In reading many of the reactions to DRT’s and my posts by those on here, I frankly would be embarrassed if I were Kevin DeYoung, that I had attracted such a crowd of blog followers that too often have demonstrated a great lack of grace, kindness, and temperance. Thankfully there have been exceptions to that statement, but sadly they are exceptions.

    I have had the privilege to hear Rev. DeYoung speak on different occasions. However, I do hope for his sake that his church in Lansing is not dominated by voices and temperments such as these that have been found on here as of late. If so, that is a SURE recipe for conflict and burnout for any pastor.

  25. DRT says:

    JA, I am a Trinitarian who believes that god in the old testament is the same as the one in the new. I affirm the creeds, and believe there is a hell, though I wonder how many will actually be there and what it will really be like.

    You say, “I do not believe that one can argue parts and neglect the whole” Actually, that is one of the primary points I am making in my arguments. I firmly believe that our best representation of god is his incarnation on this earth, and that is Jesus. That is the pinnacle of the story. Jesus himself testifies to that.

    But I am not a Calvinist because I think the logical extension of Calvinism makes god the author of evil. I am not interested in debating that, but if you want to see my position I firmly agree with Roger Olson.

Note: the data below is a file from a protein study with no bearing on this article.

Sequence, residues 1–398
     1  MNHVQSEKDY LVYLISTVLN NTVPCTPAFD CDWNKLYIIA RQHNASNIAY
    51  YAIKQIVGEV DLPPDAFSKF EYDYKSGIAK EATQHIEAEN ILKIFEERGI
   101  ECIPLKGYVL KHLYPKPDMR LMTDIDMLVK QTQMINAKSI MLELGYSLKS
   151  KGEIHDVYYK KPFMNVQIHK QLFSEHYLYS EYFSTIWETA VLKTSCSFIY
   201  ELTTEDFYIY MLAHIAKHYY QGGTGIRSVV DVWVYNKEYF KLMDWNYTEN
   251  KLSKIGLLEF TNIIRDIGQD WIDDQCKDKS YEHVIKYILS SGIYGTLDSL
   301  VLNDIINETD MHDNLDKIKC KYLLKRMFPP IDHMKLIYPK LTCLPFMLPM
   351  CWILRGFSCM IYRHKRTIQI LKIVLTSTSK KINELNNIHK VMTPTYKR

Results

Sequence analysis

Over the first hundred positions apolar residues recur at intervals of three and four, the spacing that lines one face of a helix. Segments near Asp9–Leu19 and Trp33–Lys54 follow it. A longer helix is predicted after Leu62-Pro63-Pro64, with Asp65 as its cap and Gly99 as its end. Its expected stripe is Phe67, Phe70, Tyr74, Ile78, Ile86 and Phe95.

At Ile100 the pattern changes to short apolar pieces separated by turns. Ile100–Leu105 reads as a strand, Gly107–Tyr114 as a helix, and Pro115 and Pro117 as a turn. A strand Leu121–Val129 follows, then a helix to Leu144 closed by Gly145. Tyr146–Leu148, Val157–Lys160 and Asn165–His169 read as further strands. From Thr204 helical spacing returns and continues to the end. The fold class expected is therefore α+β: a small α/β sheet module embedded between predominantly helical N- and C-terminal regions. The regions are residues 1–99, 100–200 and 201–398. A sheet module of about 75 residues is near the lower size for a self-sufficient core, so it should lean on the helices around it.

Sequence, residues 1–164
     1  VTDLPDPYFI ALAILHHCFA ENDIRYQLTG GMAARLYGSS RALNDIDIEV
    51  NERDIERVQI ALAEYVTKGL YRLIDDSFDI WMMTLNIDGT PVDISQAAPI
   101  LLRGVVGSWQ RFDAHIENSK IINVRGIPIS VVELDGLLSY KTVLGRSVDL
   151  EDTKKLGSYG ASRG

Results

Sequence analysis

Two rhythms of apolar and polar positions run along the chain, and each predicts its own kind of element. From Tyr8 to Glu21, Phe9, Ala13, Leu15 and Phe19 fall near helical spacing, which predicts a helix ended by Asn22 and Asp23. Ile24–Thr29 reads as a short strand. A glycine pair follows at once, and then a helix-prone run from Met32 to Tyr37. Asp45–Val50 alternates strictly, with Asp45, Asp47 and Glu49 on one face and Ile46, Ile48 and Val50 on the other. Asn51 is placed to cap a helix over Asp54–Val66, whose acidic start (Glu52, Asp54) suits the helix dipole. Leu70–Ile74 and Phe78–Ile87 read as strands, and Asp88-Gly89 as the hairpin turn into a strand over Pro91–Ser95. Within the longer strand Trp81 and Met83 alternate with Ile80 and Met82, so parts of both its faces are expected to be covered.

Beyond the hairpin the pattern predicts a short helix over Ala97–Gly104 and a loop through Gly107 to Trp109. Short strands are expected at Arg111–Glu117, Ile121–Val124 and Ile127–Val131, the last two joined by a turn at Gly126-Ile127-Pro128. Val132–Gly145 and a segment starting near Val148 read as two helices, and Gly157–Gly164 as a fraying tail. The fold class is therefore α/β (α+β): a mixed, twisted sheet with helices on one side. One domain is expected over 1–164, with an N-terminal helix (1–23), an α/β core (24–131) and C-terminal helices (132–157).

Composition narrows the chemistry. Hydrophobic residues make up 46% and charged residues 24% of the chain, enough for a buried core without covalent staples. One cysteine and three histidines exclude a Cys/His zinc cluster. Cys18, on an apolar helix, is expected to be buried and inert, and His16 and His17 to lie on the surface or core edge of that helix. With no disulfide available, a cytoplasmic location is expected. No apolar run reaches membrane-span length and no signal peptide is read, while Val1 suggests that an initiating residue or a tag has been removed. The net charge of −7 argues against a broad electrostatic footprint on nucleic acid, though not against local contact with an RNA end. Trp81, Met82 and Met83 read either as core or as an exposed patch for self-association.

Regardless of that, we would pretty much agree on all issues of doctrine except free will vs. meticulous predestination. And I don’t think that is really relevant here.

    I have extensively studied Calvinism, Roman Catholicism, Arminianism, some of the Eastern Orthodox church, emergent church, and atheism. Have you studied all of those? Do you make your decision of what to believe based solely on what church your family happened to be in, or do you try and understand the various traditions and decide which one makes sense?

    Incidentally, I have also spent many years studying Buddhism, and Jungian psychology.

    After all of that, I affirm Jesus is Lord, and my Lord. Messiah, Amen!

    You see, we don’t have to be afraid of defending god against other ways of thought. God can stand on his own and we can think through all of the implications. Faith is not a matter of believing some off the wall thing because god told you to do that. You should shun things that are irrational. Do you think god is irrational? I don’t. The more I have studied other religions, the bible, and the various traditions within Christianity the more I affirm that the good news really is that God has been faithful to us and has shown us the way, and Jesus is the way.

  26. DRT says:

    Melody, do you fear god? And I am not talking the nuanced bible way of fearing god, I mean are you afraid of god? And if you are, is that why you follow him?